Source:  By Kwame Laurence in New Delhi

DELHI, INDIA - OCTOBER 08: Ayanna Alexander of Trinidad and Tobago reacts as she wins silver in the women's triple jump during day five of the Delhi 2010 Commonwealth Games at the Jawaharlal Nehru Stadium on October 8, 2010 in Delhi, India. (Photo by Mark Dadswell/Getty Images)Ayanna Alexander jumped into the spotlight at the Jawaharlal Nehru Stadium, here in New Delhi, India, yesterday, the 28-year-old securing silver to become Trinidad and Tobago's most successful female athlete in Commonwealth Games history.

Alexander produced a 13.91 metres effort in the second round of the women's triple jump to finish second, behind former world champion Trecia Smith, the Jamaican retaining her Commonwealth crown with a 14.19m jump. Canada's Tabia Charles (13.84m) picked up bronze.

"It feels good," an elated Alexander told the Express, shortly after her silver success. "I wanted to come out here and glorify God with the gift he has given me, and then represent my country to the fullest. I want to make Trinidad and Tobago proud, everybody in Trinidad and Tobago proud, as well as my teammates, my family and my friends…just to fly that flag and represent Trinidad."

Alexander has long been in the shadow of T&T's more celebrated female athletes—Kelly-Ann Baptiste, Rhonda Watkins, Josanne Lucas and Cleopatra Borel-Brown.

"I've come back home a couple times and looked in the newspapers and would see that such and such is going to be triple jumping from this country, such and such is going to be triple jumping from that country, but I didn't see anything about my name. That drives me.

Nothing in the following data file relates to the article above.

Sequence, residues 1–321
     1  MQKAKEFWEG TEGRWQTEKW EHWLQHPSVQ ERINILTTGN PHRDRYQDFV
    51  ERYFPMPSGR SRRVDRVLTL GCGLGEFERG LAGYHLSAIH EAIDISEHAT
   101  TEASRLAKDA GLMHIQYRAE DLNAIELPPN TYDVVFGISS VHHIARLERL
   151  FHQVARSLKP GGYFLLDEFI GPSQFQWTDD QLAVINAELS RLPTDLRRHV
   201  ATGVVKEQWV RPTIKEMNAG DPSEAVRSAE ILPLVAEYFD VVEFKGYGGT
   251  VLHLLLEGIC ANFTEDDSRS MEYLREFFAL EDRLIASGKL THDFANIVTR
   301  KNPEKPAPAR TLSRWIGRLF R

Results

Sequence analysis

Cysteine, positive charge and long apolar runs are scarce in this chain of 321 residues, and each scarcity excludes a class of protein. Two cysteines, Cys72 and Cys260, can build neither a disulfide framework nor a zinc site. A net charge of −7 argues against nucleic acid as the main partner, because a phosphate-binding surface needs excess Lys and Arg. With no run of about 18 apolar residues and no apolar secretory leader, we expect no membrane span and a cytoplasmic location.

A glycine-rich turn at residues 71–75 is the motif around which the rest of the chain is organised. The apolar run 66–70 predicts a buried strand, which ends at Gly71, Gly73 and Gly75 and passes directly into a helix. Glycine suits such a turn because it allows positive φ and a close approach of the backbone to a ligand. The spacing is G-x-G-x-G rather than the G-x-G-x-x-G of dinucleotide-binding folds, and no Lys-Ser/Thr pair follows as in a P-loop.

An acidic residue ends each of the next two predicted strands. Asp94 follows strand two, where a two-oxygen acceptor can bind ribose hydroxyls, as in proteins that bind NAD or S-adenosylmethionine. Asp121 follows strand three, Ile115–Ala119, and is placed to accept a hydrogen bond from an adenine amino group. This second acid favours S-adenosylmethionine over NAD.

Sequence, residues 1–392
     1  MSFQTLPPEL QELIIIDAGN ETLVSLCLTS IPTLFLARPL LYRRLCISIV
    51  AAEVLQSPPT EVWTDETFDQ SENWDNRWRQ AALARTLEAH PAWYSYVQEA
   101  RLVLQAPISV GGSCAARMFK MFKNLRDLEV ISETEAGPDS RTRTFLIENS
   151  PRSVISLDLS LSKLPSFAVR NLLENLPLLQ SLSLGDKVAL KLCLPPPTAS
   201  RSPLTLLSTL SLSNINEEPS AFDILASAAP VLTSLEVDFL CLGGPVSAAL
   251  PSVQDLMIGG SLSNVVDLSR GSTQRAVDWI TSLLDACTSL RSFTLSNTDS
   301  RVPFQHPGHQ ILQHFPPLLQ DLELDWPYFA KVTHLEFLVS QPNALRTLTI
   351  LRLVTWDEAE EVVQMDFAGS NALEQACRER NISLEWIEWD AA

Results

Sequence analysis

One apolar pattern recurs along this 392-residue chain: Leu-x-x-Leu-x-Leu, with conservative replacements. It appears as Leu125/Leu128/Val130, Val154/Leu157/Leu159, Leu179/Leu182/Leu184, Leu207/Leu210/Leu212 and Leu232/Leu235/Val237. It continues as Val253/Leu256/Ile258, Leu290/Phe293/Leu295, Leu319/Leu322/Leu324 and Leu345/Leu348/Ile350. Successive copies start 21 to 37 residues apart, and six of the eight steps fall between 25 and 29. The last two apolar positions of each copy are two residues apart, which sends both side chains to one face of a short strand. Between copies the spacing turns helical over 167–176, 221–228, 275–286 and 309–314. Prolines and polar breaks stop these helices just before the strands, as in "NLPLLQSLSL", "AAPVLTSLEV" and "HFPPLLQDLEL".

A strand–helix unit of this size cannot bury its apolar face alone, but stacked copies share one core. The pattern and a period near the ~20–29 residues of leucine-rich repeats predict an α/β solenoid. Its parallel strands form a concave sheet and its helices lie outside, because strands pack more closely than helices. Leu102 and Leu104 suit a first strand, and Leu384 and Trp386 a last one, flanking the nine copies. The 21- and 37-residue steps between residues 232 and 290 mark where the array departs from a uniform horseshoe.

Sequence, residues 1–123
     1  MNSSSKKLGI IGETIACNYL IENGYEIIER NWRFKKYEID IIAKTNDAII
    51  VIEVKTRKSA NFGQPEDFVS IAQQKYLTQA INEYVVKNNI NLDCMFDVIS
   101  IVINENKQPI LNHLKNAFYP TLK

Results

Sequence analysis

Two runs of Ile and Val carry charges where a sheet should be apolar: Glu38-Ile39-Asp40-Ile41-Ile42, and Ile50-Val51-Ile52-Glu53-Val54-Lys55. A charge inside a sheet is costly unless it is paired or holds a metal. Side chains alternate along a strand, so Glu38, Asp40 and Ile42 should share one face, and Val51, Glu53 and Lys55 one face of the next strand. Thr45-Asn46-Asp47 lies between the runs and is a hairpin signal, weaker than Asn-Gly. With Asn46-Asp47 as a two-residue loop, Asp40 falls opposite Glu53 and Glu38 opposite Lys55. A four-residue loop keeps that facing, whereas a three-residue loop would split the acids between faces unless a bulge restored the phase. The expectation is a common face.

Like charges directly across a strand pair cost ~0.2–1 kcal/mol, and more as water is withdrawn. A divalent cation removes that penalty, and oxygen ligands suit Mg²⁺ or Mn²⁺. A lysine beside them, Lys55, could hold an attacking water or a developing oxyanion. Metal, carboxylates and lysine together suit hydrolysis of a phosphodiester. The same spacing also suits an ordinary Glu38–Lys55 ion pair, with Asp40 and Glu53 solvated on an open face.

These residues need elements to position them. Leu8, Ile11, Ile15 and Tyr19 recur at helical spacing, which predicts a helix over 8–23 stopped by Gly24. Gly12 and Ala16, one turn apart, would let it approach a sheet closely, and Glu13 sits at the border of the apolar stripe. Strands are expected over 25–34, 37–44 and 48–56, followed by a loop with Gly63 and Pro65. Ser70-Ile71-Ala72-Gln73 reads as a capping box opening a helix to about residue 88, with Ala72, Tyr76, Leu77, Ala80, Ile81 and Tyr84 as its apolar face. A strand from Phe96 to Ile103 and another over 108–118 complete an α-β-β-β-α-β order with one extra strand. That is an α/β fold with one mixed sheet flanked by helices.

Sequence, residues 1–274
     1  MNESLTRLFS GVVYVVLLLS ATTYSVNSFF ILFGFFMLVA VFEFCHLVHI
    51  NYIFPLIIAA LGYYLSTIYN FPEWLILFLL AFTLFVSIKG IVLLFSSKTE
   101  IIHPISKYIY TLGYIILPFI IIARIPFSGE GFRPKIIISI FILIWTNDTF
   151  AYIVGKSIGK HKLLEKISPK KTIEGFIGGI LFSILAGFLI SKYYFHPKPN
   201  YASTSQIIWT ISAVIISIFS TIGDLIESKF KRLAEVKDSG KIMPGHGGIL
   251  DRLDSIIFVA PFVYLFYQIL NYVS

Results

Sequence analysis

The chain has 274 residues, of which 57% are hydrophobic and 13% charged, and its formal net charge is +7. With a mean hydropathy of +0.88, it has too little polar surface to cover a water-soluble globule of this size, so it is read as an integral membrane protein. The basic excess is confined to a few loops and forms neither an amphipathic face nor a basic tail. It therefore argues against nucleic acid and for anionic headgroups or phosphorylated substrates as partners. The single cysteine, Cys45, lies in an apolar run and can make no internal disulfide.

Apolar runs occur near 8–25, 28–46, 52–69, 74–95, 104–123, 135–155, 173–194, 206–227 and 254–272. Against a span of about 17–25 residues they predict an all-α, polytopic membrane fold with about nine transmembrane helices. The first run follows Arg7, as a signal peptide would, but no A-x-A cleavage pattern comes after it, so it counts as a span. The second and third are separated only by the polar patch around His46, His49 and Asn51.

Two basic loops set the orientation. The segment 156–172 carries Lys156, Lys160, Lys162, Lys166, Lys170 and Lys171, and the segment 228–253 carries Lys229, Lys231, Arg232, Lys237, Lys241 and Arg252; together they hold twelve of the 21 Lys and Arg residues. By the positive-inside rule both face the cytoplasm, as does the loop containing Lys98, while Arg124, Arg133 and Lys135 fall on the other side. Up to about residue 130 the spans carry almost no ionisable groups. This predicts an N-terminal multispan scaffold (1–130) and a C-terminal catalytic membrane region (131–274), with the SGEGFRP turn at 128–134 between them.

"And just like here, such and such was in medal contention…my name was not mentioned. That's just fuel for me. I'm just trying to make a way for myself and do the best that I can."

Yesterday, Alexander succeeded in her bid to jump out of obscurity, the US-based athlete becoming only the second female from T&T to earn precious metal at the Commonwealth Games. Silver put her at the top of the very short list--ahead of Borel-Brown, the women's shot put bronze medallist four years ago.

"Definitely the start of great things ahead," Alexander declared. "It was an opportunity, a chance to compete hard and put myself out there, and I took advantage of the opportunity. Ayanna Alexander is here!"

Smith grabbed gold yesterday with her only legal jump of the competition. Alexander, on the other hand, had the most impressive series of the 11 athletes on show—13.68, 13.91, 13.68, 13.81, 13.82 and 13.87.

Lalonde Gordon, the lone T&T quartermiler here in New Delhi, finished strong in the third and final men's 400m semifinal heat, crossing the line in a personal best 46.33 seconds to secure fourth spot in the race. The clocking, though, was not fast enough to earn him a lane in today's final.

Alexander will be back at the Nehru Stadium today for the women's long jump qualifying competition. Watkins is also among the athletes who will bid for a berth in tomorrow's final.

Borel-Brown chases precious metal in the women's shot put, and Emmanuel Callender faces the starter in the opening round of the men's 200m.

If Borel-Brown can reproduce the form that saw her clear 19 metres at three meets in Europe in August, she will surely become T&T's first female multi-medallist at the Commonwealth Games.